“As I have told you, I did not recall asking for changes to make the description of services on one of those bills less specific,” Claypool said in the letter. “However differently I recalled my past conversation, the documents you shared with me this week make it clear I did do that. I apologize for that mistake.”
But in the report, Schuler states that Claypool “unequivocally, emphatically and repeatedly” denied making any such request, going so far as to say during one interview that he “runs a $5.6 billion operation, and ‘I’m not looking at freaking bills.’” The inspector general believes Claypool issued this letter in hopes of tainting the board’s reception of the final report by “falsely portraying lies on two separate occasions” as lapses in memory.
Claypool has maintained Marmer did nothing wrong. He acknowledged the board’s rule prohibiting employees from overseeing contracts with entities with which they maintain business relationships, but felt it didn’t apply to this case because the work was being done pro bono and didn’t affect Marmer’s severance package.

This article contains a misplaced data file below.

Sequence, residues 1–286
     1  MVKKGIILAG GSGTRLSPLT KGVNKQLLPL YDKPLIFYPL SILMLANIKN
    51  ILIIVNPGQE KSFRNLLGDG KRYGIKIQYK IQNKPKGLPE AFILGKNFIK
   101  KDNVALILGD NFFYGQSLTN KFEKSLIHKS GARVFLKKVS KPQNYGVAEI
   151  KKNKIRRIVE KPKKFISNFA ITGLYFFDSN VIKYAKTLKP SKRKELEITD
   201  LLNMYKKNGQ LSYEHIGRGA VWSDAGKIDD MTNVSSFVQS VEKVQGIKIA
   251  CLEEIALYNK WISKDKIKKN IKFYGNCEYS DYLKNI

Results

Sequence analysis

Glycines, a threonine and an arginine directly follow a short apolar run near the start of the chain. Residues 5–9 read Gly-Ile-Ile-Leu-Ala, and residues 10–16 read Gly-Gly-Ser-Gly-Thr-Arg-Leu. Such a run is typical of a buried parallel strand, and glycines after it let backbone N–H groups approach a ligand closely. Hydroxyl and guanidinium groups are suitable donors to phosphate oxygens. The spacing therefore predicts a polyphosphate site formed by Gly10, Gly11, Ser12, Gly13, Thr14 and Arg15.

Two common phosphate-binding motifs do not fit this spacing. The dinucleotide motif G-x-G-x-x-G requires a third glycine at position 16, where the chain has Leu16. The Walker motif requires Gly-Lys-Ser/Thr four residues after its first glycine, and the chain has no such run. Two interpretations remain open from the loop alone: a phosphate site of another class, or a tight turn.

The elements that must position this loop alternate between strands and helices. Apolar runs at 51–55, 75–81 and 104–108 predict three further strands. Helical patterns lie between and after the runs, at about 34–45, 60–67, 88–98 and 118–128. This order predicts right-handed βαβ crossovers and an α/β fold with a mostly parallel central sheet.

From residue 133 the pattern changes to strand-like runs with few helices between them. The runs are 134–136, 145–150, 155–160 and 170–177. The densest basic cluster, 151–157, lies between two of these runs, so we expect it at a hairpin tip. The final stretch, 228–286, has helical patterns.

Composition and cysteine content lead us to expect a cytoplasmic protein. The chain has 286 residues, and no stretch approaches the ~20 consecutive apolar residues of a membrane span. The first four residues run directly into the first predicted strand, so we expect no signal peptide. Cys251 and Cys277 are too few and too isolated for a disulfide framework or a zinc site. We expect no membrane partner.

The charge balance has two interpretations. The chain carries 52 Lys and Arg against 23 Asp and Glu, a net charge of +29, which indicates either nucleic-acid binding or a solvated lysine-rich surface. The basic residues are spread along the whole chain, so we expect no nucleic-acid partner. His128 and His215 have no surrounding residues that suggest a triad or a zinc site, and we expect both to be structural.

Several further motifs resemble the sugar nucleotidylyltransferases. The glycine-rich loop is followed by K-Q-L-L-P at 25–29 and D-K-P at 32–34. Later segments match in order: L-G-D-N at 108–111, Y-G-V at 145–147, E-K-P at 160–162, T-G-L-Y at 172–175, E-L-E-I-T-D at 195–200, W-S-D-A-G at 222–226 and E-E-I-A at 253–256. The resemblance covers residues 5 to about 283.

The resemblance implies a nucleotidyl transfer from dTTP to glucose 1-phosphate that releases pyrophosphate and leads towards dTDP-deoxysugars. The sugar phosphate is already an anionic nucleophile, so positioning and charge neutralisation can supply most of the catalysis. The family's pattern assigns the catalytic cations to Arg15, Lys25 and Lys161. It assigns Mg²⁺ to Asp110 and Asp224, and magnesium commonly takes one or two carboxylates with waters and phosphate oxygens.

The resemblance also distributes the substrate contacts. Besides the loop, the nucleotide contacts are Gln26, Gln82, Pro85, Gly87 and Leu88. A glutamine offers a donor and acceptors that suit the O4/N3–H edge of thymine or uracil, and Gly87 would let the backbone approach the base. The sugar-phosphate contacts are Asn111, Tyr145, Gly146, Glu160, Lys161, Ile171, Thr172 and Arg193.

The report states Marmer’s infraction doesn’t necessarily warrant termination, but Schuler leaves that disciplinary decision up to the board, saying it can take action ranging from a “first and final warning” up to actually firing its general counsel.
In a statement Thursday afternoon, Claypool apologized and said he was embarrassed by his mistakes, but contends they were made while he “zealously tried to get Chicago students their fair share of state education dollars.”
“This is not a case of anyone profiting off of CPS; no one in this story gained a dollar,” Claypool said. “This is not a case of anyone taking anything from children; this is a case of fighting to get more resources for children. In fact, the only ones who profited from this pursuit of justice were our students, who have another $450 million of funding from the state due to the efforts our team.”
Schuler had previously taken the unusual step of addressing the board publicly during its December 2016 meeting, citing what he called “a serious negative development in the relationship between the board” and his office.